For the Week Ending December 14, 2018

December 14, 2018

CONGRESS PASSES 2018 FARM BILL

NPPC advocacy efforts resulted in a major win for U.S. pork and all of agriculture when Congress passed the 2018 Farm Bill this week. The bill, which includes critically important mandatory funding for animal disease prevention and preparedness efforts, is expected to be signed into law by President Trump soon. The five-year agricultural blueprint includes mandatory animal health and disease preparedness funding of $120 million for the first four years of the bill. At least $5 million per year must go to the National Animal Disease Preparedness Program in the form of state block grants, and the remaining dollars can be allocated across the vaccine bank, the National Animal Health Laboratory Network (NAHLN) and state block grants. Additionally, NAHLN is authorized for another $30 million per year for all five years of the bill. The fifth year of the bill includes another mandatory $30 million for all three programs, but at least $18 million must go toward the state block grants. The bill also authorizes appropriations for the vaccine bank and the National Animal Disease Preparedness Program for sums determined to be necessary. In addition to the animal health and disease-preparedness provisions, the bill includes funding for the International Market Development Program, which includes the Market Access Program and the Foreign Market Development Program that support export markets for U.S. farm goods. These programs are funded at not less than $200 million and not less than $34.5 million, respectively.

 

EPA ANNOUNCES PROPOSED NEW ‘WOTUS’ RULE

NPPC applauded this week’s announcement by the Trump administration of a proposed new Waters of the United States (WOTUS) rule. The regulation would replace the WOTUS rule issued in August 2015 by the Obama administration’s U.S. Environmental Protection Agency. That measure gave EPA broad jurisdiction over U.S. waters to include, among other water bodies, upstream waters and intermittent and ephemeral streams such as the kind farmers use for drainage and irrigation. It also covered lands adjacent to such waters. Prior to the 2015 rule, EPA’s jurisdiction over waterways – based on several U.S. Supreme Court decisions – included “navigable” waters and waters with a significant hydrologic connection to navigable waters. NPPC strongly supports the Trump administration’s decision to replace the WOTUS rule and for its consideration of farmers concerns when developing the new rule.

 

EU-JAPAN TRADE AGREEMENT RATIFIED BY EUROPEAN PARLIAMENT

The European Union parliament this week approved the EU-Japan trade agreement. The agreement removes tariffs on 97 percent of European exports, with agriculture exports seeing significant tariff reductions. The pact will enter into force Feb. 1, 2019. In addition, the 11 nation CPTPP regional trade agreement will come into effect on December 30 with a second round of tariff cuts coming again on April 1, 2019. In 2016, Japanese consumers purchased almost $1.6 billion of U.S. pork products. With the CPTPP deal and the EU-Japan trade pact in place, U.S. pork is at risk of losing market share in one its largest export markets. NPPC continues to urge the Trump administration to expeditiously negotiate a trade agreement with Japan to avoid market share loss.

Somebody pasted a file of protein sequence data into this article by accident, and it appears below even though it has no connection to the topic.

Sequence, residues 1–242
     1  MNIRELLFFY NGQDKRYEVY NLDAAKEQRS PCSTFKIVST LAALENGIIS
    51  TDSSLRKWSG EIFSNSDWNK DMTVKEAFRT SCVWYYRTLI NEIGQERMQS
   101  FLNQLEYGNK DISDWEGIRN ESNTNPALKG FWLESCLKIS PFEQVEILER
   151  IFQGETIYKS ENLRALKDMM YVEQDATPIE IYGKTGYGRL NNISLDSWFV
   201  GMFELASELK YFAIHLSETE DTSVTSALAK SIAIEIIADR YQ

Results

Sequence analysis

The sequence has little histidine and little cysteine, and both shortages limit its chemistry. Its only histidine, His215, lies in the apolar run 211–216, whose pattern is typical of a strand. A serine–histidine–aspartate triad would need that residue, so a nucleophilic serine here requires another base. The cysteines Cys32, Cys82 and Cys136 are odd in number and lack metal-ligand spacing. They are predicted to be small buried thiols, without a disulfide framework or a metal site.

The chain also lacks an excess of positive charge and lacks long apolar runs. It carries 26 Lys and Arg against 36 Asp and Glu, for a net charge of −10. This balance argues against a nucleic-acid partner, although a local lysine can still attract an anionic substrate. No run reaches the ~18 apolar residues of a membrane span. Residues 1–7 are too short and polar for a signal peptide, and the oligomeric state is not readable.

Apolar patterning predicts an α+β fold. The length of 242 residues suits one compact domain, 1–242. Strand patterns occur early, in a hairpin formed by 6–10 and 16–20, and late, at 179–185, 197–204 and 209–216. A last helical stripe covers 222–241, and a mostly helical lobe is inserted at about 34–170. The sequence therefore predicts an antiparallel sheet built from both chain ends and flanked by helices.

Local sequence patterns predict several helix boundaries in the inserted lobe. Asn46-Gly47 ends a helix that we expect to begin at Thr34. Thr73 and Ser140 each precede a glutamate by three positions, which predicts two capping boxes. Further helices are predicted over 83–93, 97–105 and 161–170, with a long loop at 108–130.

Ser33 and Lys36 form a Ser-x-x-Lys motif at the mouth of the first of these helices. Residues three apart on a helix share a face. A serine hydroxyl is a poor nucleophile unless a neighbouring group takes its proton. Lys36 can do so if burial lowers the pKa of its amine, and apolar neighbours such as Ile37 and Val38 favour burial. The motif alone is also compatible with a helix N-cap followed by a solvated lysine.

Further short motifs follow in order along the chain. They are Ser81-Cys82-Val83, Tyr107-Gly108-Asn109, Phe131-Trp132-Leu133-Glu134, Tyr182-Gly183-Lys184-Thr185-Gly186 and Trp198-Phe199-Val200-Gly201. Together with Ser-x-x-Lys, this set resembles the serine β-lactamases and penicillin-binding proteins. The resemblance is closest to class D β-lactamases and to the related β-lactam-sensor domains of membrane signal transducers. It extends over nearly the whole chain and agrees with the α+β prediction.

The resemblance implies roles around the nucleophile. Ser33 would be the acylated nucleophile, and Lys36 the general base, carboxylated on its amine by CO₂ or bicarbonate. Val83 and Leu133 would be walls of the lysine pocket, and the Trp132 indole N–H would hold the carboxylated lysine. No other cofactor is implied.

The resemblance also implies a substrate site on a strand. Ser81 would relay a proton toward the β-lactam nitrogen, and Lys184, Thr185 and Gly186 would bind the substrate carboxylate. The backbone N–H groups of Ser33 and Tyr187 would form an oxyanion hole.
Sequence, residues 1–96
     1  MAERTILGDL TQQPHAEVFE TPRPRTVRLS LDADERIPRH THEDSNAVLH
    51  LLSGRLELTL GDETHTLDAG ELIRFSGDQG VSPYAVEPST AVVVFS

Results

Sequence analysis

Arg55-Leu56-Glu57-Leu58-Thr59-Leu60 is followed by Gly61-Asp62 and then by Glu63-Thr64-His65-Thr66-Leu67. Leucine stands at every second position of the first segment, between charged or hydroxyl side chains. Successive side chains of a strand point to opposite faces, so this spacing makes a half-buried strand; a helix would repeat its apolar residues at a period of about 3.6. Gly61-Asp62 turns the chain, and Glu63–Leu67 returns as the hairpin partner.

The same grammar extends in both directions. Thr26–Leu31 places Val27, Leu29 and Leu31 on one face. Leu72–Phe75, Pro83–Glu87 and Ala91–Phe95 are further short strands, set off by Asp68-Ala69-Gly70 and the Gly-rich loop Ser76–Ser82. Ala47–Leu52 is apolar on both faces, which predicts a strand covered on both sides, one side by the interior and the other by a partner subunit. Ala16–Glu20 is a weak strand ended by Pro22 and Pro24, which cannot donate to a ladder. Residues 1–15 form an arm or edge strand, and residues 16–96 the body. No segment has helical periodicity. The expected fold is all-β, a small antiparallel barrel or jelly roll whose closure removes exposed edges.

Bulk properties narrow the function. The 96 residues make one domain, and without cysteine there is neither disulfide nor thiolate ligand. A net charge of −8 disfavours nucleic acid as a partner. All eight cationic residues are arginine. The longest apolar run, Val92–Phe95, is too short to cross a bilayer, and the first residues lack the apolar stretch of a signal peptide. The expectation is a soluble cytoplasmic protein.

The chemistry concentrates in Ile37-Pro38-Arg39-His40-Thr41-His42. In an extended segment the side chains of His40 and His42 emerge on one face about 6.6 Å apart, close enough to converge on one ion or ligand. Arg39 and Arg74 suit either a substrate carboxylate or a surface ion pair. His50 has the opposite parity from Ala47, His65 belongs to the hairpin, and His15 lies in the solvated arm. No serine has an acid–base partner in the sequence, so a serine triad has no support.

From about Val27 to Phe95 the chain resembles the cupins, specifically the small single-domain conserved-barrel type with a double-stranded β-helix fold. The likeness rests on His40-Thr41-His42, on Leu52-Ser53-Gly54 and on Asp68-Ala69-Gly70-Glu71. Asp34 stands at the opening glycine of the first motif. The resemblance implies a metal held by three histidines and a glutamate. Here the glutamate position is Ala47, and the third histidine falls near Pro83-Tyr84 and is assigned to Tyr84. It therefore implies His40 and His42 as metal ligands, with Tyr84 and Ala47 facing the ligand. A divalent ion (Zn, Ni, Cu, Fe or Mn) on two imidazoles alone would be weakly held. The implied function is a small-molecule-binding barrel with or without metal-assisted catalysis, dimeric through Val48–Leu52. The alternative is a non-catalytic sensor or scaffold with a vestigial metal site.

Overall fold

NPPC FILES COMMENTS ON EPA’S RULE EXEMPTING FARMS FROM REPORTING AIR EMISSIONS

NPPC today filed comments on the U.S. Environmental Protection Agency’s proposed rule exempting livestock farmers from reporting to state and local authorities the routine emissions from their farms. The rule is the final piece in the implementation of the Fair Agricultural Reporting Method, or FARM, Act, which corrected a problem created in April 2017 when a U.S. Court of Appeals rejected a 2008 EPA rule that exempted farmers from reporting routine farm emissions under the Comprehensive Environmental Response, Compensation and Liability Act (CERCLA) and the Emergency Planning and Community Right-to-Know Act (EPCRA). The FARM exempted farmers from CERCLA; the proposed rule will exempt them from EPCRA.

 

POSSIBILITY REMAINS FOR U.S., UK TRADE AGREEMENT

British Prime Minister Theresa May, after coming under fire in recent weeks, survived a vote of no confidence this week, preserving the possibility for Britain to exit the European Union in 2019. NPPC supports U.S. negotiation of a free trade agreement with the UK following its breakup with the EU but only if it eliminates tariffs and non-tariff barriers on U.S. pork exports.

 

KORUS EXPECTED TO ENTER INTO FORCE JAN. 1

Following this week’s approval by the South Korean National Assembly, the revised Korea-U.S. free trade agreement (KORUS) is expected to enter into force Jan. 1, 2019. The only remaining step before KORUS becomes effective is for President Trump to issue a proclamation that extends the phase-out period for the 25 percent U.S. tariffs on trucks until 2041. The agreement, which was finalized and signed earlier this year, was one of several trade agreements scrutinized by the president during his 2016 election campaign. NPPC was pleased with the outcome of the renegotiations as the new deal preserved existing benefits for agriculture. Most U.S. pork will continue to flow to South Korea with no tariff. Prior to KORUS, Korean duties on U.S. chilled and frozen pork were 22.5 percent and 25 percent, respectively. Last year, the United States shipped $475 million of pork to South Korea – a 30 percent increase over 2016 – making it the No. 5 U.S. pork export market.